Reduced plant water status under sub-ambient pCO2 limits plant productivity in the wild progenitors of C3 and C4 cereals.
Other literature type, Article
- Publisher: Oxford University Press
mesheuropmc: respiratory system | food and beverages | respiratory tract diseases | fungi | circulatory and respiratory physiology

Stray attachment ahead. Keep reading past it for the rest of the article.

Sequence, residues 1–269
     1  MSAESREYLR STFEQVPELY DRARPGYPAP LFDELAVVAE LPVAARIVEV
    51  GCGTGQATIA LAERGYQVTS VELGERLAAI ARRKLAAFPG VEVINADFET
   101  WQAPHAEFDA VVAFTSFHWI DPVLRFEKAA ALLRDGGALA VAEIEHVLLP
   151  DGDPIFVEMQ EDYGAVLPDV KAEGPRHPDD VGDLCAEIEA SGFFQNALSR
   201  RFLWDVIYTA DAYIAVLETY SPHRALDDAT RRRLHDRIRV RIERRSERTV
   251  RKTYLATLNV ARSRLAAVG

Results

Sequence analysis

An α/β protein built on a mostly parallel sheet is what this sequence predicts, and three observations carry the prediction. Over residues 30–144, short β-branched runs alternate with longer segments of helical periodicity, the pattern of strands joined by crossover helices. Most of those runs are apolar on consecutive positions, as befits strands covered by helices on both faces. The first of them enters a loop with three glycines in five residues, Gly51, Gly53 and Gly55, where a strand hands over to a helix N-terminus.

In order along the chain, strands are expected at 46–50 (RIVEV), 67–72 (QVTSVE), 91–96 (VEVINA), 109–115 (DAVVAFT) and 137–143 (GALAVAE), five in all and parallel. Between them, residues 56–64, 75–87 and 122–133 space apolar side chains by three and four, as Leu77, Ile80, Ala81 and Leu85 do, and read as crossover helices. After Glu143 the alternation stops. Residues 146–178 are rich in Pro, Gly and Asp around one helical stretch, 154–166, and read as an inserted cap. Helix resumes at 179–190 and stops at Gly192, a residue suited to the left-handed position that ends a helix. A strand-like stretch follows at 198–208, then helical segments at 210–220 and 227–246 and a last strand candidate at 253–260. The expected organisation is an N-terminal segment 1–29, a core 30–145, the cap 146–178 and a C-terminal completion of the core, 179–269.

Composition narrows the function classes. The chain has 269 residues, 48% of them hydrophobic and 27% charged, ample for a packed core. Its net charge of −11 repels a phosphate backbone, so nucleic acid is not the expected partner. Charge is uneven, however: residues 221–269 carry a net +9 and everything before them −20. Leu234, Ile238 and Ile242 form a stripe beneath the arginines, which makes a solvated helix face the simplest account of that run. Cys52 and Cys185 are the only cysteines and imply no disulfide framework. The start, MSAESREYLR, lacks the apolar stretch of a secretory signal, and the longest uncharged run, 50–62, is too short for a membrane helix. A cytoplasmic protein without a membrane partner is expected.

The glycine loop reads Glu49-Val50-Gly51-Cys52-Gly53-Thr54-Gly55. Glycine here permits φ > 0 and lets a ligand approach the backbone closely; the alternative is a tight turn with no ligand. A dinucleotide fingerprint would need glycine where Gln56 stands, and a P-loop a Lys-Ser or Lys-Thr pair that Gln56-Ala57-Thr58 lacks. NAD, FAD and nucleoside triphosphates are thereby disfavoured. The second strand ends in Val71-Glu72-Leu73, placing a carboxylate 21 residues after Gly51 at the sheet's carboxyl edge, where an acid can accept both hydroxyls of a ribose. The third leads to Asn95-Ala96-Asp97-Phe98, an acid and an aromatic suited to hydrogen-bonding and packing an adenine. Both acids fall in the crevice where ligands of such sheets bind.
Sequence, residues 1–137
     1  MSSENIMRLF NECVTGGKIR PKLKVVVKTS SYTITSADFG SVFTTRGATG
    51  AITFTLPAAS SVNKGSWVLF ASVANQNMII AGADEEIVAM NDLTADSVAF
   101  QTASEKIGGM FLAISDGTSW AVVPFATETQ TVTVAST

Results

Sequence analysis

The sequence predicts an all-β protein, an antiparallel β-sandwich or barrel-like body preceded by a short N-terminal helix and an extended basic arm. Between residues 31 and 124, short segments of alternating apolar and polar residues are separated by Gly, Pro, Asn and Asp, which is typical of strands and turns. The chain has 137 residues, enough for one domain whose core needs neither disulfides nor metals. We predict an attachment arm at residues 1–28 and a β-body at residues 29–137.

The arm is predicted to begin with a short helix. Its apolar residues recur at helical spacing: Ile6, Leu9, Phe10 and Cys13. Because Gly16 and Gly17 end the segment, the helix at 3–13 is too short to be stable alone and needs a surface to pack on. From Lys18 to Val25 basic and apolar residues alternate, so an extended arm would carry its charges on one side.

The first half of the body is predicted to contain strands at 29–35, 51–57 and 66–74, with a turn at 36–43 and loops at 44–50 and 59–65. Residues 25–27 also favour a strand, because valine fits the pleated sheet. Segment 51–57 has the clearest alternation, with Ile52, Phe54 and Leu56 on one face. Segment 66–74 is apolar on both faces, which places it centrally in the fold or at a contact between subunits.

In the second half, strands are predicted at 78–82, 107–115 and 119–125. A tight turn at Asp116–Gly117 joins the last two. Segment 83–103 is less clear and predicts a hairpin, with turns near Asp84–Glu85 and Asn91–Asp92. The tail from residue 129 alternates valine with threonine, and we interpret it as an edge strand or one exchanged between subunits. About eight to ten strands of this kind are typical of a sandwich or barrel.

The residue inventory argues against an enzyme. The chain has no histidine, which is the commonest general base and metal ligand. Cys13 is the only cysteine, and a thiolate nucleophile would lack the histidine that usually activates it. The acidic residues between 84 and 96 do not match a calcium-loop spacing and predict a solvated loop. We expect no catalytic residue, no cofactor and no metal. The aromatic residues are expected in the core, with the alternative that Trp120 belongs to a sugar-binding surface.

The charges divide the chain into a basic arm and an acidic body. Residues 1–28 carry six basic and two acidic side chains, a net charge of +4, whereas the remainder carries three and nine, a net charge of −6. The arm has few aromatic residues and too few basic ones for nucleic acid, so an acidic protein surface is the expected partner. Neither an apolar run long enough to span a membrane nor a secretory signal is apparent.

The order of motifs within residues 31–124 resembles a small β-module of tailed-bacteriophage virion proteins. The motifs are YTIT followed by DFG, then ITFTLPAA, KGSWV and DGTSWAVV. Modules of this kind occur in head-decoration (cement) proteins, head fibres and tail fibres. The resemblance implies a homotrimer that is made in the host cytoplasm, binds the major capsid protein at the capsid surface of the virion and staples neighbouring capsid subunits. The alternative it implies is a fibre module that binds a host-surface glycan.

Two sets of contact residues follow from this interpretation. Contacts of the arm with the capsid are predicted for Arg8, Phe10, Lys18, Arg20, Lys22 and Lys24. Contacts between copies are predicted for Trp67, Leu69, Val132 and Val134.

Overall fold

BACKGROUND AND AIMS: The reduction of plant productivity by low atmospheric CO2 partial pressure (pCO2) during the last glacial period is proposed as a limiting factor for the establishment of agriculture. Supporting this hypothesis, previous work has shown that glacial pCO2 limits biomass in the wild progenitors of C3 and C4 founder crops, in part due to the direct effects of glacial pCO2 on photosynthesis. Here, we investigate the indirect role of pCO2 mediated via water status, hypothesizing that faster soil water depletion at glacial (18 Pa) compared to post-glacial (27 Pa) pCO2, due to greater stomatal conductance, feeds back to limit photosynthesis during drying cycles. METHODS: We grew four wild progenitors of C3 and C4 crops at glacial and post-glacial pCO2 and investigated physiological changes in gas exchange, canopy transpiration, soil water content and water potential between regular watering events. Growth parameters including leaf area were measured. KEY RESULTS: Initial transpiration rates were higher at glacial pCO2 due to greater stomatal conductance. However, stomatal conductance declined more rapidly over the soil drying cycle in glacial pCO2 and was associated with decreased intercellular pCO2 and lower photosynthesis. Soil water content was similar between pCO2 levels as larger leaf areas at post-glacial pCO2 offset the slower depletion of water. Instead the feedback could be linked to reduced plant water status. Particularly in the C4 plants, soil-leaf water potential gradients were greater at 18 Pa compared with 27 Pa pCO2, suggesting an increased ratio of leaf evaporative demand to supply. CONCLUSIONS: Reduced plant water status appeared to cause a negative feedback on stomatal aperture in plants at glacial pCO2, thereby reducing photosynthesis. The effects were stronger in C4 species, providing a mechanism for reduced biomass at 18 Pa. These results have added significance when set against the drier climate of the glacial period.